Daily Archives: June 3, 2012

The Undone, the Undead and the Unexpected

I should have named those claims the Onyx.  Everything about them, start-to-finish was Onyxpected.

Keep in mind, I was looking for evidence of a fairly specific group of legendary dead men who met their demise in the early 1860s.  Not just any old group of dead guys.  Special dead guys, though mostly nameless.

I’d been compiling, studying the versions of the legend, of accounts handed down by searchers, survivors and a lot of lies I couldn’t afford to judge without checking them out.  The evidence I was looking for was a burned out cabin ruin, maybe a sluicebox, something akin to a waterfall.  A pair of bare peaks roughly 20 miles to the north the legend called, ‘Piloncillos’.  Baldies.  Possibly a formation resembling the head of a bear.

Keith and I had been bouncing around that country for a couple of years, chasing dead men.  The Zuni Mountains, Santa Rita Mesa, Largo Canyon, Red Hill caldera, Pelona Mesa, the Sawtooths.  We saw a lot of fine real estate,  had plenty of adventure, but we hadn’t found anything to nail theory to anything on the ground.

Eventually I began assembling fragments of various versions of the legend, each at least mildly supported by some other version.  Began drawing circles at ten mile intervals outward from somewhat verifiable points, overlapping circles.  I ended up with a slice of orange peel on a map where the circles converged.   On a 7.5 minute USGS topo I counted 32 canyons within the orange peel that seemed to have possibilities.  Numbered them 1-32 with little stickers on the face of the map.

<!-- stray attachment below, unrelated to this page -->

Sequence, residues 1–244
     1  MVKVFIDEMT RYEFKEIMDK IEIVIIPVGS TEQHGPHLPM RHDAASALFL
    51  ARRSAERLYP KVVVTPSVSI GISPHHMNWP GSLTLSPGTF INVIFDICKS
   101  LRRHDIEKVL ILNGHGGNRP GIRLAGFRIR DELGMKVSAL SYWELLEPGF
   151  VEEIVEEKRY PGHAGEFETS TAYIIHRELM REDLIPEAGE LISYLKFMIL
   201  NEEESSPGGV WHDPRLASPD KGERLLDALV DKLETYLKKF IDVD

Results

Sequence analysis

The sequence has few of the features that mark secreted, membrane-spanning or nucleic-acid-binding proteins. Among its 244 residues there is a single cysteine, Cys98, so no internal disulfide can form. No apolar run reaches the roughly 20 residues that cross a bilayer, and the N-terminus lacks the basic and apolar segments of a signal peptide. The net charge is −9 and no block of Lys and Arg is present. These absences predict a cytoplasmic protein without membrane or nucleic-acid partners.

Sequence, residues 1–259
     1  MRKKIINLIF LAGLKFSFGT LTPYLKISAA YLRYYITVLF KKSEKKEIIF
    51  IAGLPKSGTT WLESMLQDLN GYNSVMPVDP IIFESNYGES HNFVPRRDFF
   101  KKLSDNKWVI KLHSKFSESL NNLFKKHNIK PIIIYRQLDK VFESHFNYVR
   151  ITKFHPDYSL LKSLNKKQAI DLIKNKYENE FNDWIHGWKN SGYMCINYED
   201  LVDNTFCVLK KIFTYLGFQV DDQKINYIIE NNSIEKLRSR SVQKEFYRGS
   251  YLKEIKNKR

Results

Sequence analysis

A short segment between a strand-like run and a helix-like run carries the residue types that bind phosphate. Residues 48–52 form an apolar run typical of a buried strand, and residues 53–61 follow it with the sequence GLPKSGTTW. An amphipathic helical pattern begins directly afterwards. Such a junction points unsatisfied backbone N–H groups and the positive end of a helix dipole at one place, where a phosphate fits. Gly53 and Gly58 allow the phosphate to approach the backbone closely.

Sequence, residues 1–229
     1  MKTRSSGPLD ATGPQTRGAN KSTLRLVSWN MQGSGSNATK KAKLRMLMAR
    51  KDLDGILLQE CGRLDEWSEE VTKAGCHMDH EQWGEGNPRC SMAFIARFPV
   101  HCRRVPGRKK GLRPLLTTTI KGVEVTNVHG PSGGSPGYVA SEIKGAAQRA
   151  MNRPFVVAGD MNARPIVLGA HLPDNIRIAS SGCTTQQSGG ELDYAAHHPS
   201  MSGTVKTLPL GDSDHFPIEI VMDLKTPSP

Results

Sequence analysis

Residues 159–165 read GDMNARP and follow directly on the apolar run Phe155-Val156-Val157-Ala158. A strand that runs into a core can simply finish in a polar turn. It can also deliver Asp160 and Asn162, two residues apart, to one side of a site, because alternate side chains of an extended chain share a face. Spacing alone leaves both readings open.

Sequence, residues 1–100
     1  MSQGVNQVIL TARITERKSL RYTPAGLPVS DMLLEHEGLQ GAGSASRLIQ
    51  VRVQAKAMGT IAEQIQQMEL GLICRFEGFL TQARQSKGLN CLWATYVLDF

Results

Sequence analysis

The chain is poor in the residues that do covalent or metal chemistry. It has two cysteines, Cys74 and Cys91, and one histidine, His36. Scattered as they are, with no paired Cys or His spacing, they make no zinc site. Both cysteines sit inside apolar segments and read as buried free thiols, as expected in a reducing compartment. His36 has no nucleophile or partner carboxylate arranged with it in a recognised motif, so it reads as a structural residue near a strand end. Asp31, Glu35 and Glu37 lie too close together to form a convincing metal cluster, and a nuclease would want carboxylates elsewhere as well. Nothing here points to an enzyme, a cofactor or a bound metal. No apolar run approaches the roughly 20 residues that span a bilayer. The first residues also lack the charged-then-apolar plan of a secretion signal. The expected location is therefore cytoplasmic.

Keith was tied up in Santa Fe a day-or-so longer than I was, so I headed out, intending to cross some canyons off the map before he arrived, meet him at a camp on Elk Plateau when he got there. 

But canyon #3, I learned from a Hispanic rancher I met when I went to cross off Cabin Springs [canyon #2], had a burned out cabin ruin and something he described as a water-trough cut with an axe out of a 3′ diameter tree.  Late evening I arrived and set up camp on Elk Plateau to wait for Keith, me in a state of high anxiety.

But I’ve digressed. 

I was going to tell this story in full, but leading into the subject of platinum, palladium, rhodium, iridium and osmium.  How, in those days a person would have a hell of a time even assaying for them, how if located, they had to be sold through the Platinum Consortium, which wasn’t interested in buying.  How the melting temperature of the stuff makes a serious challenge of smelting it, in any case.  How it takes a special kiln, a special crucible to do anything at all with platinum.

How the New Mexico Bureau of Mines assured me our expensive spectroscopic assay was meaningless, a scam.  “There’s no platinum in New Mexico,” they assured me.  How at the precise time they told me that piece of fiction, the Platinum Consortium was mining the tailings of 19th Century gold mines near White City, New Mexico, for platinum they didn’t want when those mines were active, maybe didn’t even recognize.

How Sunburst Mining Company opened an operation mining platinum, gold and silver in microscopic quantities on the edge of a caldera within view of the peak above my claims a couple of years later.

I’d figured on telling you how they employed over a hundred people over there for a few years, got crosswise with New Mexico Department of Environment, ran into financial problems in other mining locations, went kaput.

And I was going to tell you how Keith and I found a canyon of maybe the weirdest geology I’ve ever come across.  Named it No Name Canyon.

But hells bells, I reckons I’m going to have to save that for another day.

Meanwhile, if you’ve missed the other background on all this you can find it by exploring the tags and whatnot or searching the site for ‘lost gold mine’.

Old Jules

Old Sol’s Bumper-Stickers

Me: Hey!  Up and at’em guy!  Rise and shine.”

Old Sol:  “Sheeze!  Hush you mouf, boy.  I’m sleeping in this morning.  Got a heluva headache.”